This New York Times Opinion piece written by three professors who have studied child hunger for five years in North Carolina starting in 2012.
In 2016, children in 3.1 million households experienced food insecurity at some point during the year. Whether temporary or chronic, food insecurity is devastating for kids. As a nation, we have historically tried to align our policies with the belief that we should do what we can to prevent children from being hungry. When he signed the National School Lunch Act in 1946, President Truman said, “In the long view, no nation is any healthier than its children.” Almost 20 years later, President Johnson argued that the food stamp program represented a way of “apply[ing] the power of America’s new abundance to the task of building a better life for every American.”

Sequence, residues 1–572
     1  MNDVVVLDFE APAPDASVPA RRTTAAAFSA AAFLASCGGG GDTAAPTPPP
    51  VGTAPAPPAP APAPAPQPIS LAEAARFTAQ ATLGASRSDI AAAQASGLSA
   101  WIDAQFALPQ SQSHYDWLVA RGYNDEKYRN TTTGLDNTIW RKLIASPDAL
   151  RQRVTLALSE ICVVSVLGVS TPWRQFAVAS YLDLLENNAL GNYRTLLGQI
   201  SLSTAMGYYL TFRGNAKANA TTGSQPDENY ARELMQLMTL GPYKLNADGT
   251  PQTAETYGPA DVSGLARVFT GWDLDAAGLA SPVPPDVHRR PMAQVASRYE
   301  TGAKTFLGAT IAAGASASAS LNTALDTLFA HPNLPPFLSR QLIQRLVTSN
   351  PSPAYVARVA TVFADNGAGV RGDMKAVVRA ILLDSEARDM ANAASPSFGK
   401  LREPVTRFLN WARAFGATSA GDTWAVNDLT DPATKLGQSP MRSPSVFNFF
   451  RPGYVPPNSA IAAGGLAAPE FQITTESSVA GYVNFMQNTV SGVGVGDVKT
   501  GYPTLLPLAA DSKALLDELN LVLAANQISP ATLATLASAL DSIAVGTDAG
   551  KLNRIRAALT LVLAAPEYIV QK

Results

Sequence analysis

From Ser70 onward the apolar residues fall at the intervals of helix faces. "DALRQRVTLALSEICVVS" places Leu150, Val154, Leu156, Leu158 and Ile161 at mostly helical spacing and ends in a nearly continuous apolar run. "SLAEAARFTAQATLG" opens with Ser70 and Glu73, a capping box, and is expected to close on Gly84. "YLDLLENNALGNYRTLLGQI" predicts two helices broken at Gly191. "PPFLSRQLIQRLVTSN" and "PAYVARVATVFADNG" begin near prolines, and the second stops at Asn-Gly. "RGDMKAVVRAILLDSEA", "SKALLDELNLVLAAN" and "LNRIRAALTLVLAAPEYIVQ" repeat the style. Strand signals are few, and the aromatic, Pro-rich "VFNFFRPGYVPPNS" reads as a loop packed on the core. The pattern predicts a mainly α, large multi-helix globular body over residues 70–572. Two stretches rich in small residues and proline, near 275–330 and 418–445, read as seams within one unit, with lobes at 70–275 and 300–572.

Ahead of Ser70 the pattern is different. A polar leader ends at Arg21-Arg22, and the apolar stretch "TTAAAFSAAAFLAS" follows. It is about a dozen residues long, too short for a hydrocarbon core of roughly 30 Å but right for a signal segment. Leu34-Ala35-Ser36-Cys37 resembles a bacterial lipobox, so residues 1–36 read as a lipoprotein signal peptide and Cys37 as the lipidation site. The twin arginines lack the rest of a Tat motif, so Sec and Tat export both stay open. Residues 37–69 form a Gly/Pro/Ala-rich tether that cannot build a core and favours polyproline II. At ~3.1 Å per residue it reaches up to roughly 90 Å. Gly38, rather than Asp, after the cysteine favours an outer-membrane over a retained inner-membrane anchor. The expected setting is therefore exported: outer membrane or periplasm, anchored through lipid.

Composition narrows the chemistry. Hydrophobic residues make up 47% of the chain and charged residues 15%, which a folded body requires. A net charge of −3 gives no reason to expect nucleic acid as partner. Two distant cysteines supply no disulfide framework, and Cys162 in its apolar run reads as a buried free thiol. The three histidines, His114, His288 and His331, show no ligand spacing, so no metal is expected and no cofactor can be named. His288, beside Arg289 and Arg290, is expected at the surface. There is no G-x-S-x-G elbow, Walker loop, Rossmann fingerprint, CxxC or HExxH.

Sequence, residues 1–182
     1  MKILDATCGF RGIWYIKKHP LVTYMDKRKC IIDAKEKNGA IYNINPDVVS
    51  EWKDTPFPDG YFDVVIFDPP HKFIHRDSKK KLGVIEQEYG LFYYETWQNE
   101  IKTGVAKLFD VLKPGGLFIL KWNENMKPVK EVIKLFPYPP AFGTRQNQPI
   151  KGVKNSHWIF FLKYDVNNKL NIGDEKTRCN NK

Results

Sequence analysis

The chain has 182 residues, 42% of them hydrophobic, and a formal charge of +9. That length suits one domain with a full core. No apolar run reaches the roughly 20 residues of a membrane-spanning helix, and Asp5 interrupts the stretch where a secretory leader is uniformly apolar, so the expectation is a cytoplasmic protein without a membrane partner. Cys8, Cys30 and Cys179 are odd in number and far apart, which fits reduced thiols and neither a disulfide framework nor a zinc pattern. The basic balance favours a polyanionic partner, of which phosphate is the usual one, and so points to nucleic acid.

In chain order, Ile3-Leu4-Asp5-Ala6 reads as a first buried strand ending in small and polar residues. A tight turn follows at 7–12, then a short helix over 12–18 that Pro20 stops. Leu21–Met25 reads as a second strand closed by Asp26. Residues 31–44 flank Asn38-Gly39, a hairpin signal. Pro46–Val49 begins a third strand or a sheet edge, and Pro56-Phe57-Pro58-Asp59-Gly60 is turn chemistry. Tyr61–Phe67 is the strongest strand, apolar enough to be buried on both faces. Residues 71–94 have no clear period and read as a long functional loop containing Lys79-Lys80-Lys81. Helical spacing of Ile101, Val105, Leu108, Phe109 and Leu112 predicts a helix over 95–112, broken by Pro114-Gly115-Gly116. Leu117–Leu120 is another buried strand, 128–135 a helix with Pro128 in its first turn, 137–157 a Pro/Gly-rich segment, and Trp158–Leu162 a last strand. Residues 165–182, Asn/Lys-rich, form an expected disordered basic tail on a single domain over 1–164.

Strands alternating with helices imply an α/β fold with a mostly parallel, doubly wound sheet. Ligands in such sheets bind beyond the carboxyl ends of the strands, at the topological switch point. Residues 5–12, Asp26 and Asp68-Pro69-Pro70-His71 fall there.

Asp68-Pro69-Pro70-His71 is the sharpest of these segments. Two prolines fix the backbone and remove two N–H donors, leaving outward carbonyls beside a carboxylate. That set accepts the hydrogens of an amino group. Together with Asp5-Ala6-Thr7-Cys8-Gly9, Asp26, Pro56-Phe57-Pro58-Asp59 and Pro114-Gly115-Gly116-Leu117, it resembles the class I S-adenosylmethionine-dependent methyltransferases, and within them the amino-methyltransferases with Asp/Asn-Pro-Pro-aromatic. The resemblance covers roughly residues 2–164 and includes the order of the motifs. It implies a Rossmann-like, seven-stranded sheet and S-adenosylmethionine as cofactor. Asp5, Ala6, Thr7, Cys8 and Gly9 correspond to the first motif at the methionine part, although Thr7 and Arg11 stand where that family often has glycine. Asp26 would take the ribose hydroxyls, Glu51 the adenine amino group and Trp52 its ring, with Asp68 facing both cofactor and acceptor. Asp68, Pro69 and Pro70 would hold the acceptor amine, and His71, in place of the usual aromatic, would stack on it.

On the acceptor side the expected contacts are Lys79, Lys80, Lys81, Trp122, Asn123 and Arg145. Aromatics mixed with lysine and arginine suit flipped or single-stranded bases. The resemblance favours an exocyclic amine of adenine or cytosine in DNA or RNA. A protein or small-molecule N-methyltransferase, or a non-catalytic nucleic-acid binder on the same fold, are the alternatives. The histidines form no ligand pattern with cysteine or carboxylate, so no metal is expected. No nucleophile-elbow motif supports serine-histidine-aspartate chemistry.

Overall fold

Our national policies have long reflected, imperfectly, the moral imperative that children deserve adequate food. Until now.